We recommend waiting until logs are well colonized before burying your logs in soil. You can check if they're ready by looking at the cut ends to see if it's mostly covered in mycelium. Depending on the size of your log, it may take 6 months to a year of growing before the burying can begin.
The process for trenching is simple: Dig out an area half as deep as the diameter of your logs in a shady area and keep that soil. Arrange your logs in the trench so they look like a raft. Then use the soil to pack in between and around the logs until only the top surface is still exposed. Water the area so the material around your logs compacts and add more if necessary!
Substrate: Reishi prefers to grow on dense woody material. G. lucidum will grow on several hardwood species, but really thrives on sugar maple and sweetgum. G. tsugae on the other hand should be grown on hemlock but it's worth experimenting with growing on other Pine family trees. Find a full tree species compatibility chart here.
As always with log inoculation, use freshly cut wood for the best success! And avoid felling trees after spring bud break through full leaf out. For more information on timing wood harvest and inoculation, follow this link.
Temperature: In commercial operations, fully colonized and short inoculated logs or sawdust blocks are buried in a grid in a low tunnel or greenhouse. That environment creates a warm, humid climate perfect for fruiting. Northern or more temperate areas may benefit from a little help with heat in this way, since G. lucidum prefers to fruit in warmer temps, especially in late spring through summer.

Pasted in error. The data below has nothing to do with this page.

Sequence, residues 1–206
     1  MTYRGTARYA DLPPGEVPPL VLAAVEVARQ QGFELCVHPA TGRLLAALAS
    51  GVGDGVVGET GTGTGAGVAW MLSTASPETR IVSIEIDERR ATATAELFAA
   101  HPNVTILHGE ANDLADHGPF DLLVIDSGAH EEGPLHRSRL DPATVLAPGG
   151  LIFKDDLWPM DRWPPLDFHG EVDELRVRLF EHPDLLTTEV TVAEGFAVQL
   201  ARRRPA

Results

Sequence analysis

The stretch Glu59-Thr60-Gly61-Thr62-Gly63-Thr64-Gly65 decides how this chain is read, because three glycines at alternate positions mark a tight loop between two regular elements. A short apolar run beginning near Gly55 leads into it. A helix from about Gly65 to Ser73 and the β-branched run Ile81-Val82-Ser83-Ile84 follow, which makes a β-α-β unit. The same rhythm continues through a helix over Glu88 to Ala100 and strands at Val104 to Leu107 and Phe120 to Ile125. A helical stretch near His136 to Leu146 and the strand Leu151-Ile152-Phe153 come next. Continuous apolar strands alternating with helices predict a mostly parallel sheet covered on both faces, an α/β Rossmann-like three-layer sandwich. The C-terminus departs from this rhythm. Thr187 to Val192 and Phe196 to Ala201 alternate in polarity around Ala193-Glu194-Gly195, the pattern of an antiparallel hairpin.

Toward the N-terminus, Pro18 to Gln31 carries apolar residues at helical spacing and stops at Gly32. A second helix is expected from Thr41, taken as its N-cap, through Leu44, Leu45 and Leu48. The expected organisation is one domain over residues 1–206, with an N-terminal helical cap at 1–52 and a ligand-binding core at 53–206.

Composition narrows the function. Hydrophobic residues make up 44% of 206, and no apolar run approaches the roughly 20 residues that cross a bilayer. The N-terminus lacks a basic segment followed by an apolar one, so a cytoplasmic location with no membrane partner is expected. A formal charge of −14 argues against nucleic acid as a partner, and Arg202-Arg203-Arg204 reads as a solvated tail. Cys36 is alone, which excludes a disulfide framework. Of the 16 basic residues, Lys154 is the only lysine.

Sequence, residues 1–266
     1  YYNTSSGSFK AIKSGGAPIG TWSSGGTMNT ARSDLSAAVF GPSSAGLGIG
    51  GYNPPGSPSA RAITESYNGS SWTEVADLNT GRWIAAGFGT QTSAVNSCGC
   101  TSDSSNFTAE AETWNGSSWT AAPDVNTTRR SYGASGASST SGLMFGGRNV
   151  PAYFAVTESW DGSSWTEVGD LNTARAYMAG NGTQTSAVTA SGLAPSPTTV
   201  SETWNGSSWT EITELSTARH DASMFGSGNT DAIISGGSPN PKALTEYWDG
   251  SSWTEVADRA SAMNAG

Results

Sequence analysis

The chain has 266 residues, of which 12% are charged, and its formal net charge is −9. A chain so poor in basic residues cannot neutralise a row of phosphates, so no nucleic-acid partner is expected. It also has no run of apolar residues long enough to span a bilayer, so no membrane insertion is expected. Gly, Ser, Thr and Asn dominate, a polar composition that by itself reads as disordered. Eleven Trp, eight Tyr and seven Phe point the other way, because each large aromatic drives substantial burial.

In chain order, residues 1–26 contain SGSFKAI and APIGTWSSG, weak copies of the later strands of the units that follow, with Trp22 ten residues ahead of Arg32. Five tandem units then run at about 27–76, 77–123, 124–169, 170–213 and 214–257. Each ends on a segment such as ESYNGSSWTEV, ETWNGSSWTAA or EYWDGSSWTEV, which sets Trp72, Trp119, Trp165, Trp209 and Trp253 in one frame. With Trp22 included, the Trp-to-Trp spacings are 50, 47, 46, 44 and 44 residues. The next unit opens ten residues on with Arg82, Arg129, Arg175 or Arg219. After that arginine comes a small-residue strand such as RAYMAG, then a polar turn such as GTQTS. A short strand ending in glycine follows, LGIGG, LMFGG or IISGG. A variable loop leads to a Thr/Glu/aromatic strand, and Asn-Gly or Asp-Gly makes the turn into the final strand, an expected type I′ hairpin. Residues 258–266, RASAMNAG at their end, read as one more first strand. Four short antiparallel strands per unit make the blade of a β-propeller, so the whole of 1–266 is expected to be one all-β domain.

Mycelium Formation: Reishi mycelium is white, linear, and strong as all get out. It can form leathery mats and often yellow or orange droplets may appear as exudate is released. In more maturity, the mycelium grows so dense it becomes rock solid. These qualities make it an excellent fungi to work with for building materials. In fact, one student in Ohio, Katy Ayers, crafted a functional canoe from reishi. It fruits after each dip!
Image credit @BewilderSG on Instagram. Kiat's reishi light!
Fruiting Information: When reishi beings to emerge, it resembles felt tipped knobs, probing its environment. These initial stems may form the signature conch shape if there's enough oxygen present and remain as antlers if not. Reishi are determined and strong mushrooms that will burst through bags in search of air. Still, they're slow growers, so use patience while you watch them take form. Manipulation of gas exchange and light can shape the fruiting body in interesting ways!
One grower in Singapore, Kiat of Bewilder, has combined innovative uses of G. multipileum as both a construction material and sculptural element to create elegant and intriguing light fixtures! His work provides inspiration for the many under-explored applications of fungi.
Harvesting: The margin of reishi, where it's growing from, will dull from white or orange to a more matte red in maturity. Around this time, it'll release a dump of spores. Since reishi are woody, they're more forgiving with harvest timing and our fleshier fungi. Pick them when they've reached the size or shape you like up until a little after they've reached peak maturity and start to dull. Though its worth noting that mushrooms picked with their white edge intact will probably store better. Snap or use a sharp knife to cut the reishi at the base of the stem.